The bulldozers are about to rumble into the Bukit Brown cemetery to pave the way for an eight-lane highway. Despite it being a done deal, the chairman of the substation and a consultant fund raiser, Chew Kheng Chuan, wants the government — especially the political leadership, to step in and stop the destruction. He wrote a commentary in Business Times recently. He elaborates in this interview with The Independent Singapore.
You seem to be very passionate about Bukit Brown. Why is that so?
Two years ago I would not have thought I would be interested in Bukit Brown, assuming frankly, that it would be exhumed eventually and the land used for development. In a country with a land-scarce national consciousness, that was not unexpected. And this, notwithstanding the fact that my great-grandfather and my grandfather are both buried there. My father’s ashes were scattered at sea, as was his request.
But when the Brownies started giving their dedicated voluntary tours of Bukit Brown, every Saturday and Sunday, rain or shine, I got to attend a few tours and came to better appreciate the immense and irreplaceable value and significance of Bukit Brown as something other than just a once-forgotten cemetery. So my interest in Bukit Brown now is borne of a recent education in its intrinsic value as a place of heritage, history and natural habitat.
I think the authorities should essentially “think again” and come to a difficult and bold decision to halt this plan to build the highway, and rethink the whole plan to develop the place as a future residential estate. It is a “difficult” decision only insofar as the fact that the bulldozers are beginning to roll, the contract has been awarded, etc. and so there will be not small costs involved for cancelling the work order for a massive civil engineering work. But it is physically doable. The destruction can be halted in its tracks before it has done irreparable damage. And I believe that the cost of doing so is ultimately very, very small compared to the unbearably higher costs involved in proceeding with this grave mistake.
You wrote that the civil servants don’t seem to understand the ecological issues of replacing the cemetery with a highway. Can you elaborate?
I believe that a deeper Environmental Impact Assessment (EIA) has not been made for Bukit Brown. At the very least, the government should do this. In particular, I believe that the removal of this large area of greenery that is contiguous to the MacRitchie Catchment Area will also have an impact on Singapore’s rainfall and weather pattern. And I also suspect that a proper hydrological study on the geography of Bukit Brown may reveal that removing the flora at Bukit Brown will lead to a channelling of rainfall runoff water into the Orchard Road area, causing possible err … “ponding” or worse. But here I am thinking more of the ecological consequences of redevelopment of the entire Bukit Brown into future housing zone, not just the building of the highway. That highway will cut through the most scenic and beautiful parts of Bukit Brown, its streams and valleys.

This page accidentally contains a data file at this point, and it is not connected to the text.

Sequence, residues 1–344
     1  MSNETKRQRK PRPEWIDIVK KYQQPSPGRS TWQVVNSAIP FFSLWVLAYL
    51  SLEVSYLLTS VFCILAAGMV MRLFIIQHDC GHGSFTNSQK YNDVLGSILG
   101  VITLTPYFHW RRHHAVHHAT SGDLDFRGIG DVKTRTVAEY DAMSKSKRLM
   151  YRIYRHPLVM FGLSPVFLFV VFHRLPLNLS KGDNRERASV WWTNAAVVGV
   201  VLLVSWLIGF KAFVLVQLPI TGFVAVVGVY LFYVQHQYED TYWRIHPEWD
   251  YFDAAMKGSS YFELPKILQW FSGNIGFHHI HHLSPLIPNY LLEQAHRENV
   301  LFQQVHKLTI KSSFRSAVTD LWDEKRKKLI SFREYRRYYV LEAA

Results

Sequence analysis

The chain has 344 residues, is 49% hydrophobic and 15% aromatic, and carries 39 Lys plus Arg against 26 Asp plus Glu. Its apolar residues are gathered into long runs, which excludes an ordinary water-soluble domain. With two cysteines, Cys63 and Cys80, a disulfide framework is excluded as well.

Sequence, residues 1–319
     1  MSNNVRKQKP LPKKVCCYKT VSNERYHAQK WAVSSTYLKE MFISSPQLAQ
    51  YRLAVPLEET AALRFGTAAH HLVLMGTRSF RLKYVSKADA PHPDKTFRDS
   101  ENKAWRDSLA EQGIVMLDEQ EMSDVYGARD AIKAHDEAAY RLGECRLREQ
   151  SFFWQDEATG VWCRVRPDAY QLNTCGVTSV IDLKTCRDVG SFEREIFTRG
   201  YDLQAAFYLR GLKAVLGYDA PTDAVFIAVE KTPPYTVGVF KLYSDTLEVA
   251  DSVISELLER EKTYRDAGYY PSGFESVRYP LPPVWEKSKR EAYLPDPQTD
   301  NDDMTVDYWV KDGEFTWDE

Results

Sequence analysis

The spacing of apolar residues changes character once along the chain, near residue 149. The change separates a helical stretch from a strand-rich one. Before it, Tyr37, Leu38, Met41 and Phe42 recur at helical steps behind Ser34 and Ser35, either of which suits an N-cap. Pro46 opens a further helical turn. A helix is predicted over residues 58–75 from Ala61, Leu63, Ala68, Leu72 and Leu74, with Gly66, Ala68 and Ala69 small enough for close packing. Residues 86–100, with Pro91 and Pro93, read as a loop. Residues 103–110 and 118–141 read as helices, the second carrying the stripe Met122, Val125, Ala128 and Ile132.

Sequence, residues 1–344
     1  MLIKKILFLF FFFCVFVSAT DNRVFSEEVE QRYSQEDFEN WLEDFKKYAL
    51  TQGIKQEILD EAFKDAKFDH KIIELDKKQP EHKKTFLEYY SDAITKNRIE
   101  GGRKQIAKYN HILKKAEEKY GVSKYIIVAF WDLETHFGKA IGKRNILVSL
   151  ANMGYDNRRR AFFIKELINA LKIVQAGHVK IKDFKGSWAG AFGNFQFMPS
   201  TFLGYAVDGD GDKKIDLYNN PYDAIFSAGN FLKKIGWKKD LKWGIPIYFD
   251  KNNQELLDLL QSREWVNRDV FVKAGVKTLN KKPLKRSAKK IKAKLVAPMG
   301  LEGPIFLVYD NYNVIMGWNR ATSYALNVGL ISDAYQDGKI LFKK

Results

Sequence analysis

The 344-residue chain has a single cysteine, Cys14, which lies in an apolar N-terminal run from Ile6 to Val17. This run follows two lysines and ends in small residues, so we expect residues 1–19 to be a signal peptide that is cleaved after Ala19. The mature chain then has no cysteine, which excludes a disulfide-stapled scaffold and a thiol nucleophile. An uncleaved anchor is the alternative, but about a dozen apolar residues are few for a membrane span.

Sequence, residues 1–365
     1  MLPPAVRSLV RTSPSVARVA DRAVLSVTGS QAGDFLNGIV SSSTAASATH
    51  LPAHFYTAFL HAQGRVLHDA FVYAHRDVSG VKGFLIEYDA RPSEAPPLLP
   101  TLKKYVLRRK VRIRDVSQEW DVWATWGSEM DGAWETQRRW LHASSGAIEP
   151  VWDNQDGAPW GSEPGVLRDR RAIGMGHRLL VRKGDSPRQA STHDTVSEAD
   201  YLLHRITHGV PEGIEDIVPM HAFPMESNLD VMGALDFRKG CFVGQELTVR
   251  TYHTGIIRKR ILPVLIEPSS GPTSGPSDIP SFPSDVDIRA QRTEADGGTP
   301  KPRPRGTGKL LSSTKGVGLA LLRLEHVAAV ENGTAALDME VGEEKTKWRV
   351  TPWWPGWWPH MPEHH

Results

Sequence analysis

Yes clearly the plan to proceed with the highway is the result of the politicians’ earlier approval of this course of action. But I believe this decision was taken before the public outcry, before the documentation work got started, and before new research showed the significance of the history and heritage of the place. So I am saying that in the light of new information, the critical leadership decision to be made is to hit the PAUSE button, re-look, re-think, and re-imagine the future use and significance of a preserved and re-developed Bukit Brown — not as a highway and residential zone, but as a new National Heritage Park for the benefit of the present and future generations of Singaporeans.
Do you really expect them to change their mind?
I believe that they can, they may, and they should. It will be a signal reflection of their quality as political leaders.